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Journal of Immunology Research
Volume 2017 (2017), Article ID 9653793, 10 pages
Research Article

Toll-Like Receptor Ligand-Induced Liver Injury in D-Galactosamine-Sensitized Mice: Differences between TLR7/8 and TLR9 Ligands, Cytokine Patterns, and Cross-Tolerance Induction by TLR2 Ligand Pretreatment

Teikyo University School of Medical Technology, Itabashi, Tokyo, Japan

Correspondence should be addressed to Reiko Seki

Received 28 March 2017; Revised 10 August 2017; Accepted 13 September 2017; Published 17 October 2017

Academic Editor: Xiao-Feng Yang

Copyright © 2017 Reiko Seki. This is an open access article distributed under the Creative Commons Attribution License, which permits unrestricted use, distribution, and reproduction in any medium, provided the original work is properly cited.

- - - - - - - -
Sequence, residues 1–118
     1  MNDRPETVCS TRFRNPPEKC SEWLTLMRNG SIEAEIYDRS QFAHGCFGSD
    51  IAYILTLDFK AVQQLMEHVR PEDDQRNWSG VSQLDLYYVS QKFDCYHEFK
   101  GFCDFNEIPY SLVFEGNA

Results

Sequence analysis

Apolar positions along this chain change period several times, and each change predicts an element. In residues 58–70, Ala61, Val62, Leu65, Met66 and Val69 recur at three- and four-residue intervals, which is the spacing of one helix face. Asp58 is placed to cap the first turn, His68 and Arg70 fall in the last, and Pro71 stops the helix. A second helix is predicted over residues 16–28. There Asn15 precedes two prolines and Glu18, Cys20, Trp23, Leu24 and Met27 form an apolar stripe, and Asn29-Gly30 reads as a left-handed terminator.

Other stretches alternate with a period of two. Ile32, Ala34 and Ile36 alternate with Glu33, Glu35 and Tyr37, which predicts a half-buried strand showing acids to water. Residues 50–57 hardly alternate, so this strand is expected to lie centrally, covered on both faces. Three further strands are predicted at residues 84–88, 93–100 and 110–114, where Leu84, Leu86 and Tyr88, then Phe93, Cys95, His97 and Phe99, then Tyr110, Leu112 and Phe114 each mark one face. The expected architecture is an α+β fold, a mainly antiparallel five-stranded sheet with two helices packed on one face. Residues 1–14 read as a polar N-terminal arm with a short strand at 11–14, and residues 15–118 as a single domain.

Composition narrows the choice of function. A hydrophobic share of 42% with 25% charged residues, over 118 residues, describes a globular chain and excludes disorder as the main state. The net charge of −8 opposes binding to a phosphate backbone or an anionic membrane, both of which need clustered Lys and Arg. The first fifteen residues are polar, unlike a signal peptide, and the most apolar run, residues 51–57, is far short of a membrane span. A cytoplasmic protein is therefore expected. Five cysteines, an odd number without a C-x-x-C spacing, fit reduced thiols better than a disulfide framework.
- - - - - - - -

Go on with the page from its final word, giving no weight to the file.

Administration of Toll-like receptor ligands (TLRLs) is known to cause liver injury in D-galN-sensitized mice. In the present study, we aimed to complement preceding reports on the TLRL/D-galN system by analyzing comparisons among TLRLs, mouse strain dependence, effects on serum levels of cytokines, and effects of sequential administrations of different TLRLs. In a preliminary set of analyses, we first confirmed that liver failure can be induced by diverse TLRLs, including LTA and R848 in combination with D-galN. Analysis using TLR4-deficient mice excluded potential confounding effects of endogenous TLR4Ls that include those referred to as DAMPs in CpG DNA/D-galN hepatotoxicity. Subsequently, we showed that LTA pretreatment could prevent mortality in both CpG DNA/D-galN- and R848/D-galN-treated mice compared to without pretreatment. Incidentally, we observed that without the LTA pretreatment, CpG DNA/D-galN showed relatively higher liver-specific toxicity whereas R848/D-galN showed more symptoms of multiple organ failure. These findings suggest that, in D-galN-sensitized mice, different TLRLs not only show similarity in the ability to induce hepatic injury but also exhibit distinctive abilities in inducing systemic inflammation and multiple organ failure. These findings also suggest the potential usefulness of cross-tolerance induction using LTA in the prevention of organ failure in TLRL-mediated acute inflammation.